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Let $u,\phi:\mathbb R \to \mathbb R$ be smooth functions and $\Omega_\epsilon$ be a bounded domain in $\mathbb R$ with diameter $\epsilon>0$ (consider for exaple the ball $B_{\epsilon/2}(0)$). Is it true that $$\frac{1}{|\Omega_\epsilon|}\int_{\Omega_\epsilon} \phi (-\Delta)^s u dx - \left( \frac{1}{|\Omega_\epsilon|}\int_{\Omega_\epsilon} (-\Delta)^s u dx\right)\left( \frac{1}{|\Omega_\epsilon|}\int_{\Omega_\epsilon} \phi dx\right) \to 0 $$ as $\epsilon \to 0$? Here $(-\Delta)^s$ denotes the fractional Laplacian operator

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  • $\begingroup$ This has nothing to do with the fractional Laplacian: you can replace $\phi$ and $(-\Delta)^s u$ by any pair of (uniformly) continuous functions. $\endgroup$ Commented Sep 12, 2021 at 7:01
  • $\begingroup$ @MateuszKwaśnicki Is that so? It would be great! How do you prove it? $\endgroup$
    – Riku
    Commented Sep 12, 2021 at 8:46

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(I believe this may be too basic for this site, but too long for a comment.)

All that we need to assume is that $\phi$ and $(-\Delta)^s u$ are uniformly continuous and bounded. (Continuity suffices if we additionally know that $\Omega_\epsilon$ are all contained in a bounded region.)

If $|f(x)-f(y)|\leqslant\delta$ whenever $|x-y|\leqslant\epsilon$ and the diameter of $\Omega$ is no greater than $\epsilon$, then — for an arbitrary $x_0 \in \Omega$ — we have $$\biggl| \frac{1}{|\Omega|} \int_{\Omega} f(x) dx - f(x_0)\biggr|\leqslant \delta.$$ Applying this three times, with $f = \phi$, $f = (-\Delta)^s u$ and $f = \phi (-\Delta)^s u$, we find that $$\begin{aligned} & \biggl| \frac{1}{|\Omega_\epsilon|} \int_{\Omega_\epsilon} \phi (-\Delta)^s u - \frac{1}{|\Omega_\epsilon|} \int_{\Omega_\epsilon} \phi \times \frac{1}{|\Omega_\epsilon|} \int_{\Omega_\epsilon} (-\Delta)^s u \biggr| \\ & \qquad \leqslant \biggl| \frac{1}{|\Omega_\epsilon|} \int_{\Omega_\epsilon} \phi (-\Delta)^s u - \phi(x_\epsilon) (-\Delta)^s u(x_\epsilon) \biggr| \\ & \qquad \qquad + \biggl| \frac{1}{|\Omega_\epsilon|} \int_{\Omega_\epsilon} \phi \times \frac{1}{|\Omega_\epsilon|} \int_{\Omega_\epsilon} (-\Delta)^s u - \phi(x_\epsilon) (-\Delta)^s u(x_\epsilon) \biggr| \\ & \qquad \leqslant 2 M \delta + 2 M \delta = 4 M \delta,\end{aligned}$$ Here $M$ is an upper bound for $|\phi|$ and $|(-\Delta)^s u|$, $x_\epsilon$ is an arbitrary point of $\Omega_\epsilon$, and, for a given $\delta > 0$, $\epsilon$ is small enough as in the definition of uniform continuity of $\phi$ and $(-\Delta)^s u$. In the last inequality we used twise the standard estimate $$ |a A - b B| \leqslant |a| |A - B| + |B| |a - b| . $$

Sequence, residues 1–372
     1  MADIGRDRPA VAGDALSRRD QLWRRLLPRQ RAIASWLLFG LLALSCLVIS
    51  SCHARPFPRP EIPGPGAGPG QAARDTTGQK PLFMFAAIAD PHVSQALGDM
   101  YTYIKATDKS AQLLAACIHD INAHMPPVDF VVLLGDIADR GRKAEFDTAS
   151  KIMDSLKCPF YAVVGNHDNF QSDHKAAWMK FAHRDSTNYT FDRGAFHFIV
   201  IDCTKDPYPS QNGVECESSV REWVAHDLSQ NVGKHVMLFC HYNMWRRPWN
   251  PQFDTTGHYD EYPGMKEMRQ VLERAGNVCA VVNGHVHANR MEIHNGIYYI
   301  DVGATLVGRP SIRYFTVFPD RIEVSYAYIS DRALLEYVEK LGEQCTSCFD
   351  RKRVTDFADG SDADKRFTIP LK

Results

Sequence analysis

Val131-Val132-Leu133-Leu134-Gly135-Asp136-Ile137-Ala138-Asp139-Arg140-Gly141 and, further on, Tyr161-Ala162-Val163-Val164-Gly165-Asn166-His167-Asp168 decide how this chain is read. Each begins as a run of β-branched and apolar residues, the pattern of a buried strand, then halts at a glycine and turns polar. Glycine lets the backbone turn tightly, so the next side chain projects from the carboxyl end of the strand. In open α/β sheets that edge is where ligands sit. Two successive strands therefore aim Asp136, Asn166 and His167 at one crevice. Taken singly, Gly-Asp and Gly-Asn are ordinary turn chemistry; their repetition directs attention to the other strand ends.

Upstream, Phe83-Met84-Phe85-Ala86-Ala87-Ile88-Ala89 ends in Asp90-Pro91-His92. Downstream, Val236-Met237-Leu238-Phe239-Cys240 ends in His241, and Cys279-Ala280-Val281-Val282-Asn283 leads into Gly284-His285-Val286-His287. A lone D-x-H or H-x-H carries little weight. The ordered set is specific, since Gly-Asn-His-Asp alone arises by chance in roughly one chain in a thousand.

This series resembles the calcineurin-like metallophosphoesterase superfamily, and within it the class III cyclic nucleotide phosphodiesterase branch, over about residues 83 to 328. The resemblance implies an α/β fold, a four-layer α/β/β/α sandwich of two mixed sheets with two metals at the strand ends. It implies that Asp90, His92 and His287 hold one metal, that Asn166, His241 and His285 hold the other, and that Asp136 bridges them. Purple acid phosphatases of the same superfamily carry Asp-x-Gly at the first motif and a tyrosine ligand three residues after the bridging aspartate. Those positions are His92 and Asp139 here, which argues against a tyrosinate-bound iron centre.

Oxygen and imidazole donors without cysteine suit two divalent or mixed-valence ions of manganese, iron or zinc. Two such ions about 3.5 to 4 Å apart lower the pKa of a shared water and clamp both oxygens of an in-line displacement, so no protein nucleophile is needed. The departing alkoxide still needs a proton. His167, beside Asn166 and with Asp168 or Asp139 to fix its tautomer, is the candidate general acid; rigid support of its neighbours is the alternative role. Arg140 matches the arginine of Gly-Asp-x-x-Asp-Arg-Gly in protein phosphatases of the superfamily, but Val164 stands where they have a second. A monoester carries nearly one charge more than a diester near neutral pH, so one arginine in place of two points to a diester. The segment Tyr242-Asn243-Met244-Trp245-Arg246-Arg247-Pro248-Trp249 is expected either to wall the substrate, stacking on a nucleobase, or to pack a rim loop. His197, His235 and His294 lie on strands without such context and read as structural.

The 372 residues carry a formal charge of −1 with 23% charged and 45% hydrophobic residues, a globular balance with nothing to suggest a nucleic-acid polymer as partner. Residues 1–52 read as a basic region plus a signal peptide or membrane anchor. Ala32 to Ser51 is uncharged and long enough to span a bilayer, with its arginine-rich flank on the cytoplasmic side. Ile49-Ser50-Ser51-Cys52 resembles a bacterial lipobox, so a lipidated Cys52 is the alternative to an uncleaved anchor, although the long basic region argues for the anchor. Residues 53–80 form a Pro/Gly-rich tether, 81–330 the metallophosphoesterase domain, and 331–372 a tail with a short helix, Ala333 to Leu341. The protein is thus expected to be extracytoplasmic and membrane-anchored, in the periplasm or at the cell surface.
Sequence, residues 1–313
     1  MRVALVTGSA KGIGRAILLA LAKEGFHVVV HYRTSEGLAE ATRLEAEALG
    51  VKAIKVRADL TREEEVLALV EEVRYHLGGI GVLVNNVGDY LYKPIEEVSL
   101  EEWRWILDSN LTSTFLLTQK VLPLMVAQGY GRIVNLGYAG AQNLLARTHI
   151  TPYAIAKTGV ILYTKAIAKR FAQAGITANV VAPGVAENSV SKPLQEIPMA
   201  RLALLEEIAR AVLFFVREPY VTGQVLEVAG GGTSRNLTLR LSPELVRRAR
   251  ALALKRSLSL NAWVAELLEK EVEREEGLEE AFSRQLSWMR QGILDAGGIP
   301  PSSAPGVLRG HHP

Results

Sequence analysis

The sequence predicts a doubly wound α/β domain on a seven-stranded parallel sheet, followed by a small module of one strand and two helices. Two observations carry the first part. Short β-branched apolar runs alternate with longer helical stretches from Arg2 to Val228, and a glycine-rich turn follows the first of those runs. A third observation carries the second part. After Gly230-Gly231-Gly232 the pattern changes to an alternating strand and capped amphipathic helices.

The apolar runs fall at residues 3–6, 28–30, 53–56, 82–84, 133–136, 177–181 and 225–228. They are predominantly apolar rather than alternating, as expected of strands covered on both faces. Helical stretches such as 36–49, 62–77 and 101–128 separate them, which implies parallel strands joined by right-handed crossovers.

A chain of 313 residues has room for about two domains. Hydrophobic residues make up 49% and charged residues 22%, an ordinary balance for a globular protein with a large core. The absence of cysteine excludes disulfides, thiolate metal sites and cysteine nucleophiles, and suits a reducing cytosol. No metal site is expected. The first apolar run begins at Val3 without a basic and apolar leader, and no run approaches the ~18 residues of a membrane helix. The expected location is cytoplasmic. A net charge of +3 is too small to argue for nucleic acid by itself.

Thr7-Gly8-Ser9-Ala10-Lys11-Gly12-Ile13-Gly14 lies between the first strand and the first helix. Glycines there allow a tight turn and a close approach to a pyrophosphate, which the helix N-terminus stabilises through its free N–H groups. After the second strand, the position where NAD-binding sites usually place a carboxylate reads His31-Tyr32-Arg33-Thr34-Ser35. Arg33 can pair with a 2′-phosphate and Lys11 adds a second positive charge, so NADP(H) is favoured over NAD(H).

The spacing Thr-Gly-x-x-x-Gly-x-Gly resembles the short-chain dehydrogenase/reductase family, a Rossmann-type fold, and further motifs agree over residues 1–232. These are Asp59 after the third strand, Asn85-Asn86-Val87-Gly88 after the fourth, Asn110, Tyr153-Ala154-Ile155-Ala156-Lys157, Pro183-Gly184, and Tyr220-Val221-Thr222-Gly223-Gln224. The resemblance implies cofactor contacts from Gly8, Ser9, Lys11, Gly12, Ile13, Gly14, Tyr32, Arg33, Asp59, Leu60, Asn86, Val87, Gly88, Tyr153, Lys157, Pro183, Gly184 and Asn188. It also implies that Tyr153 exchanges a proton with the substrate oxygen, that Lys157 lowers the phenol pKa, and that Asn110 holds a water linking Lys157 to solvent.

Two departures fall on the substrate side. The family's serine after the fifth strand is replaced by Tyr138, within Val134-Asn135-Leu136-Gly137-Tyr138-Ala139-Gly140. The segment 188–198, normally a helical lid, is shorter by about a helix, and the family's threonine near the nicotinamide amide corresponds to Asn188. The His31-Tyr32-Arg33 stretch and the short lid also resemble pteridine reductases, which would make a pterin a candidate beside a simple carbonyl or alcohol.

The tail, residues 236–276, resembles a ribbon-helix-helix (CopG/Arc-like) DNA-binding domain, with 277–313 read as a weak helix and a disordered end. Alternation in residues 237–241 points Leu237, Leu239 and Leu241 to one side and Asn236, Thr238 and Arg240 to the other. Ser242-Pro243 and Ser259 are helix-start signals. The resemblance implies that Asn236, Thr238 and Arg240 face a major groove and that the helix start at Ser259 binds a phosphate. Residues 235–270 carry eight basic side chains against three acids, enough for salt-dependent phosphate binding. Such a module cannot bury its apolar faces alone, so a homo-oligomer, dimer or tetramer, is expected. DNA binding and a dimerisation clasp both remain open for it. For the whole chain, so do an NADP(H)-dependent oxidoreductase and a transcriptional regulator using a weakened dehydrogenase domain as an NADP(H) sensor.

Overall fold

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  • $\begingroup$ Thanks! I see now that it's indeed basic, but still very helpful to me. :) $\endgroup$
    – Riku
    Commented Sep 13, 2021 at 9:14

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